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Alberta builds COVID-19 hospital capacity; premier says early indication of Omicron peak


Alberta will create new pandemic response units in Edmonton and Calgary as it augments intensive and non-intensive care beds for an expected hospitalization peak later this month.

Premier Jason Kenney said the province would open the response units at the Kaye Edmonton Clinic and South Health Campus by Monday, or sooner if needed. The beds would be used for patients needing "non-significant" care and symptom monitoring.

"The Omicron waves of transmission have typically peaked four weeks after they began," Kenney said, adding that the province is about five weeks from the start of the latest wave of infections.

"We can reasonably expect that we may now be beginning on the downslope," he said.

According to Kenney, wastewater COVID-19 testing shows a "significant" decline in the prevalence of the virus in 15 of 19 communities, including Edmonton and Calgary.

The province reported 3,527 new infections and 264 more hospital admissions, raising the total number of patients receiving care to 1,131 — including 108 in intensive care. That marks the third-highest number of patients in hospital to date.

Eight more deaths were reported on Thursday, pushing the pandemic total to 3,421.

The premier says most jurisdictions have seen a two-week delay from their Omicron peak to the peak of hospitalizations. Kenney says he has "guarded optimism" that both peaks are coming.

To help ease staffing pressures for health-care workers, the province is working to provide community resources like virtual call-in lines and COVID-19 clinics in communities being affected by COVID-19 for those with mild to moderate symptoms.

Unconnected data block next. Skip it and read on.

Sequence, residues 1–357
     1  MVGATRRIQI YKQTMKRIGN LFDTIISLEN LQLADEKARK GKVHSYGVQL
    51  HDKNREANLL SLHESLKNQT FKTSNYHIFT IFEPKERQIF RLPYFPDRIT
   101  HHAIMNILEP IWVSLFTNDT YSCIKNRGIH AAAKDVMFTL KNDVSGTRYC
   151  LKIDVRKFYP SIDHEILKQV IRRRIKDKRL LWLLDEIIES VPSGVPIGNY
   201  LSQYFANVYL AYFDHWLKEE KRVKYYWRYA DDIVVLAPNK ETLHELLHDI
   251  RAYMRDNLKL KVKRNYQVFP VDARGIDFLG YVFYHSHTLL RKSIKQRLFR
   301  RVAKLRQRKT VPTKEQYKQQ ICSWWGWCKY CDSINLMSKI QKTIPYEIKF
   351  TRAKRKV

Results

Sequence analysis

"We want to avoid having a large number of those people going to emergency wards if they don't have to," Kenney said.


Jason Copping, health minister, said that Alberta Health Services data shows 55 per cent of new non-ICU admissions are due to COVID-19 and that 70 per cent of new ICU admissions are for the virus.

The remainder represents people who incidentally received COVID-19 while receiving care at a hospital.

Emerging data from AHS shows that most people hospitalized during the Omicron wave need only five days of care, compared to 10 when Delta was the dominant variant of concern.

Despite shorter stays and incidental infections, Copping said patients with COVID-19 still need care, and that hospital staff need to abide by protocols, creating staffing challenges.

Kenney said that the health system is operating at 89 per cent capacity, with some individual hospitals and health zones closer to 100 per cent of local capacity.

"We need to keep adapting as the virus changes," said Jason Copping, Copping said. "Any Albertan with COVID-19 who has needed admission to hospital over the past two years has received it. That despite the immense pressures that COVID-19 has put on our health system."

"Fortunately, the number of Albertans in ICU is still well below the total number of ICU patients that we cared for at the peak of the fourth wave, which was 313," said Dr. Verna Yiu, AHS president and CEO.

"Despite the somewhat positive news, we are seeing signs that our ICU teams can expect to see more patients needing their care in the coming weeks."

Yiu said inpatient occupancy is increasing in all health zones, alongside call volumes for EMS surging by 30 per cent and Health Link 811 soaring by more than 300 per cent compared to pre-pandemic times.

"We are seeing more of our own health-care workers become sick or have to quarantine," Yiu said, "means that our healthcare system is facing yet another serious challenge."

"We can meet this challenge," she said.

To help ease staffing pressures, 610 nursing students will join Alberta Health Services to help provide pandemic care. The students will be supervised by trained nurses and receive educational credit.


Kenney said it is too early to say when restrictions will be lifted in the province, but hopes the province has seen the worst.

"We have to get past this Omicron," he said. "We have not yet reached the peak in hospitalizations. We have to support our health-care workers." 

There are now more than 64,500 known active cases in the province. However, Alberta's chief medical officer of health estimates the true case count is more than 10 times that indicated by PCR results, as there are a number of restrictions on provincial PCR testing ability. 

The next data update is scheduled for Friday. 


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